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59 Lonely Years - The Barn Cub

Posted By:
Wayne Bressler
Homebuilder or Craftsman
#1 Posted: 2/6/2010 08:49:56 Modified: 2/6/2010 08:51:08

Here's the latest story over on www.taildraggersinc.com
59 Lonely Years59 Lonely Years - The Barn Cub


I spend a lot of time surfing the net looking for interesting stories for Taildraggers, Inc.  The web of aviation sites is overwhelming sometimes, and as you weave your way through it's tangled mess of somehow-connected pages, every once in a while you come upon something truly extraordinary.  This is one of those stories.

Charles Moseley bought NC7057H brand new in 1946 and he and his daughter, Charlotte, used it for flying between his ranch operations for the next several years.  When the ranch was sold in 1950, the airplane was no longer needed, and was pushed back into the barn.  It had 197 hours on the airframe.

59 Lonely Years - The Barn CubJared Calvert discovered the airplane in 2009 while looking for a project to turn into a Clipped Wing Cub.  Realizing the very rare opportunity he had found, the Cub is now being restored back to original condition, and will no doubt be one of the lowest time Cubs in existence.

The project is underway at Ranger Airfield in Ranger, TX (F23).  Intentions are to use the Cub to introduce more people to aviation, and expose and inform people about the efforts to preserve Ranger Airfield.

To read the full story of the Barn Cub, please read the Texas Chapter of the Antique Airplane Associations April 2009 Newsletter.  To learn more about Ranger Airfield, and the Cub restoration project, please visit the Ranger Airfield website.    
I discovered this story on Dan Linn's "Another TIme" blog.  http://flytoanothertime.blogspot.com/
For more great "Aerotainment", please check out my website, www.taildraggersinc.com


Tricycles are for babies. Taildraggers, Inc. www.taildraggersinc.com
H.G. Frautschy
Young Eagles Pilot or VolunteerHomebuilder or Craftsman
#2 Posted: 2/9/2010 20:26:58

That's fantastic, Wayne! See guys and gals, there really are still airplanes in barns!

H.G. Frautschy, Executive Director, VAA Editor of Vintage Airplane magazine & Vintage Aircraft Online
Clarke Tate
Vintage Aircraft Association MemberHomebuilder or Craftsman
#3 Posted: 2/11/2010 04:30:27


That was a great story. Thank you for posting this.

C Tate
Wayne Bressler
Homebuilder or Craftsman
#4 Posted: 2/14/2010 22:00:13

All the credit really goes to Jared for letting this story get out into the public, and the tubes of the internet.  I wish we could all be so lucky to find something like this once in our lifetimes.
Be sure to visit the Ranger Airfield website, and Dan Linn's "Another Time" blog.  Links above.

Tricycles are for babies. Taildraggers, Inc. www.taildraggersinc.com
Jerry Rosie
Young Eagles Pilot or Volunteer
#5 Posted: 2/15/2010 09:12:12

This seems like an appropriate place to re-post an email I just received:

I am member no. 240 and have very much enjoyed your publication over the past couple of years; thank you for your time and effort in putting out this great newsletter!

I have a very complete Aeronca project that I purchased off of eBay during the summer of 2002.  Briefly, this project is a 1940 Super Chief (N31491) 65-CA, that includes all original components, including, but not limited to:
  • The restored fuselage, nearly ready for rigging and covering
  • A complete set of original instruments, original (plastic) instrument panel, and yokes.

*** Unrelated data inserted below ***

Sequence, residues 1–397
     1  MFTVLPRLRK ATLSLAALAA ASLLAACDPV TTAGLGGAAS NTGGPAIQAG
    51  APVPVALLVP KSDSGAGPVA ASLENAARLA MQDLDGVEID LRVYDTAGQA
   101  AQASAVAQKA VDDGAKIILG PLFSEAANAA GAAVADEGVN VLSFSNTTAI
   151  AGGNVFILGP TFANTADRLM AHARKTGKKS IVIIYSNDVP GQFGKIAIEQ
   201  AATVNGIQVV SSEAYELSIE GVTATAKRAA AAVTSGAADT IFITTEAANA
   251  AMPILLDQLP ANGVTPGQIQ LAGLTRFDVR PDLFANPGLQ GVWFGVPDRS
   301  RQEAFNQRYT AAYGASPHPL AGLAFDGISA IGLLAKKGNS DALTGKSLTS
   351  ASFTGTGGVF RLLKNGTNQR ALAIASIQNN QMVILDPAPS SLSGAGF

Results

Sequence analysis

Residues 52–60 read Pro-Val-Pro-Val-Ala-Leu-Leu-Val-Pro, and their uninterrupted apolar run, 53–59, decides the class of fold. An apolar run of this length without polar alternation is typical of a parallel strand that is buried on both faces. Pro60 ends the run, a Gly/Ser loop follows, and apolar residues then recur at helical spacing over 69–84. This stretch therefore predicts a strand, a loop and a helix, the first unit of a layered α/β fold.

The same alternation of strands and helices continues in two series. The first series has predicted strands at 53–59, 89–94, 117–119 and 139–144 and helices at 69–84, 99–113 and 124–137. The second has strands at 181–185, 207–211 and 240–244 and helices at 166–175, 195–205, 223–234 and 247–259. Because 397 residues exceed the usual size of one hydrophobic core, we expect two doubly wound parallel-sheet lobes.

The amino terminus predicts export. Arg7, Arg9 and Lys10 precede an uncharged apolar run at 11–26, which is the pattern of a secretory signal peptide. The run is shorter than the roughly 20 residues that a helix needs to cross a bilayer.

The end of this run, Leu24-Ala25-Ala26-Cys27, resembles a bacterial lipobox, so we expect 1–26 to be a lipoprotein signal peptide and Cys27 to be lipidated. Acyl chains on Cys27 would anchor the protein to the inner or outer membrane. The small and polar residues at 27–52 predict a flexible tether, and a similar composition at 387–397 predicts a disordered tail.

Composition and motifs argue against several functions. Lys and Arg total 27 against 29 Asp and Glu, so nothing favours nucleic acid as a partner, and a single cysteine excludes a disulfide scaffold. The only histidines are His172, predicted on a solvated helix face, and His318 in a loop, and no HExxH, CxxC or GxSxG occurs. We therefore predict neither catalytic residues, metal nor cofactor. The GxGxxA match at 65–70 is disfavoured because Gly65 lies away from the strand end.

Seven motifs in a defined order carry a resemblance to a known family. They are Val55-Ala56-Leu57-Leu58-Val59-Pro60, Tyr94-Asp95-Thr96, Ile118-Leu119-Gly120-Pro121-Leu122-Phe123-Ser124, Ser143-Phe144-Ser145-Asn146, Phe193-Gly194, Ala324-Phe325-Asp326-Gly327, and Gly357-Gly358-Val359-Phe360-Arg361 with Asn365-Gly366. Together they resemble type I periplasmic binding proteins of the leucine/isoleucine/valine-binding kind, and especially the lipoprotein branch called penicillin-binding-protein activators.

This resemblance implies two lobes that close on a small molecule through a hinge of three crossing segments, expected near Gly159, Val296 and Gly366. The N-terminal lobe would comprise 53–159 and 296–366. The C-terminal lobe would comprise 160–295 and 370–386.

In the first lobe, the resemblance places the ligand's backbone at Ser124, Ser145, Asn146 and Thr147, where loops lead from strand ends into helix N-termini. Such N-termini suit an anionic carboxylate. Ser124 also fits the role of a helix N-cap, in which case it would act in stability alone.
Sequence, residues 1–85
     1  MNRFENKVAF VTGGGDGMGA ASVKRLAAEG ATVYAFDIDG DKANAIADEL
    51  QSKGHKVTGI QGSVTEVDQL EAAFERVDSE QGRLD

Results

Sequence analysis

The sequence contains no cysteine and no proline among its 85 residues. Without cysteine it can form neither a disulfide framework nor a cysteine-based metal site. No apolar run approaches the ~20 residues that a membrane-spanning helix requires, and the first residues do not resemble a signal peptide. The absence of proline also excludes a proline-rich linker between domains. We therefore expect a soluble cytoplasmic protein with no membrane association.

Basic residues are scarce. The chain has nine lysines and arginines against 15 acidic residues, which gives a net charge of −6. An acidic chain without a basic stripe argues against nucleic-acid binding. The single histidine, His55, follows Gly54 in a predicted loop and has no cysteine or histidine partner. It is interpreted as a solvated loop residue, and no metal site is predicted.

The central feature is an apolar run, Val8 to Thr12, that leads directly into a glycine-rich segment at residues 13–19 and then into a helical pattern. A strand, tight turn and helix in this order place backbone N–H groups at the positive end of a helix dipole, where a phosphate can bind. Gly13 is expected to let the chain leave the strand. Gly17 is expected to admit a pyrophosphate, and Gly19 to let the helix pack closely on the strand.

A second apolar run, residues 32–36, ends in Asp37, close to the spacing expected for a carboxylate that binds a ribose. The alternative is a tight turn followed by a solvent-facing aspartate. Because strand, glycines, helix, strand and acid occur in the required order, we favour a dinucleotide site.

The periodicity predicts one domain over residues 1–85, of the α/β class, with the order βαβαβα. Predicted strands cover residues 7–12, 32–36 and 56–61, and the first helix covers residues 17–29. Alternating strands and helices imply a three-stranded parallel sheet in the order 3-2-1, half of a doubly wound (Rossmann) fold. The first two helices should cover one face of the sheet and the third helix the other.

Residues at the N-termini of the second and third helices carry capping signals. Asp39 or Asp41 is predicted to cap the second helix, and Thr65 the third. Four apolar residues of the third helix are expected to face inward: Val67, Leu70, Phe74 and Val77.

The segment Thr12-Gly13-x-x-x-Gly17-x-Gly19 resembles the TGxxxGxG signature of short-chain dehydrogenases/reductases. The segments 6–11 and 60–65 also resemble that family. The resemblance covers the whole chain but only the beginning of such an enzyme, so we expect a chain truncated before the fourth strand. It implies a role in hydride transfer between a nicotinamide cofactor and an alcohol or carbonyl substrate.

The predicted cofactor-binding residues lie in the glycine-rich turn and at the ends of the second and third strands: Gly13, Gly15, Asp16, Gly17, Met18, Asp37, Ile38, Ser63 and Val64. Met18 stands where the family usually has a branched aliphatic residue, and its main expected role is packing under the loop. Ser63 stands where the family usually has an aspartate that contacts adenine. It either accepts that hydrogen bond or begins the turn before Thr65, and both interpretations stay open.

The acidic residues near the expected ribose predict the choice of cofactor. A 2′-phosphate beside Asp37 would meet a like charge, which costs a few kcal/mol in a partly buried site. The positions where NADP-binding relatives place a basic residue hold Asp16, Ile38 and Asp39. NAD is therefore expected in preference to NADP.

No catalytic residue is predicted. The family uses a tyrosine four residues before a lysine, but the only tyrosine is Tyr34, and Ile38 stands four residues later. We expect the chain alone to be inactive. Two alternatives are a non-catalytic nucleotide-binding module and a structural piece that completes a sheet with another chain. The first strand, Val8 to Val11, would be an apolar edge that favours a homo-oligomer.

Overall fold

• An A-65-8 engine
  • All ancillary components, including, but not limited to, the landing gear, struts, cowling, main and auxiliary fuel tanks, new windshield, and wheel pants
  • Factory drawings and very complete records, including early correspondence between the factory (John Houser) and the current aircraft owner during the early 1970s.
The wings are complete but the glue has aged and many of the rigs are "beat-up".  The spars appear to be in great shape (i.e., no compression fractures, or dry rot), as is the wing hardware.
According to factory correspondence (from John Houser), this airplane was built on 16 August 1940; it was the 28th 65 LB built (later converted to an 65-CA). This project has been stored in a dry (Denver) climate and in my garage since I purchased it. According to the aircraft log, it hasn't flown since 1957, has very little time on the airframe, and was never wrecked.
This is an unusually complete project of a "pre-war" Aeronca Super Chief.  Unfortunately, due to the economy, I am now faced with selling this project.
The reason I'm writing to you about this project, Robert is because I am interested in your thoughts on who I may contact that will be interested in completing this project.  I am concerned that if I sell it on the open market through such methods as eBay, or the Aeronca Aviator classified section, that it may be purchased and parted-out.  I don't know how you feel about this, but to me, it would be a real shame to break-up this airplane!
If anyone is interested they can contact Matt directly at 303-933-9429 or at mmgshafer@aol.com.  (He's located in Colorado)

Cheers, Jerry NC22375 out of 07N
Randy Sonefeld
Young Eagles Pilot or VolunteerAirVenture Volunteer
#6 Posted: 3/15/2010 15:28:02

Wayne, I really enjoyed this post. I've dreamed of finding an old Cub just like my Dads that I could restore. Brings back old memories of grass strips the smell of AV fuel and flying with my father.

Thank you.

Wayne Bressler
Homebuilder or Craftsman
#7 Posted: 3/19/2010 19:02:41

If anyone is interested in seeing the progress on a different Cub restoration, cruise on over to Don Parson's blog "Flying Antique Airplanes" and follow along as he restores his J-3.  Often accompanied by his children, the blog is filled with great photos of airplanes other than just the J-3.  It really is a fun blog to read.


Tricycles are for babies. Taildraggers, Inc. www.taildraggersinc.com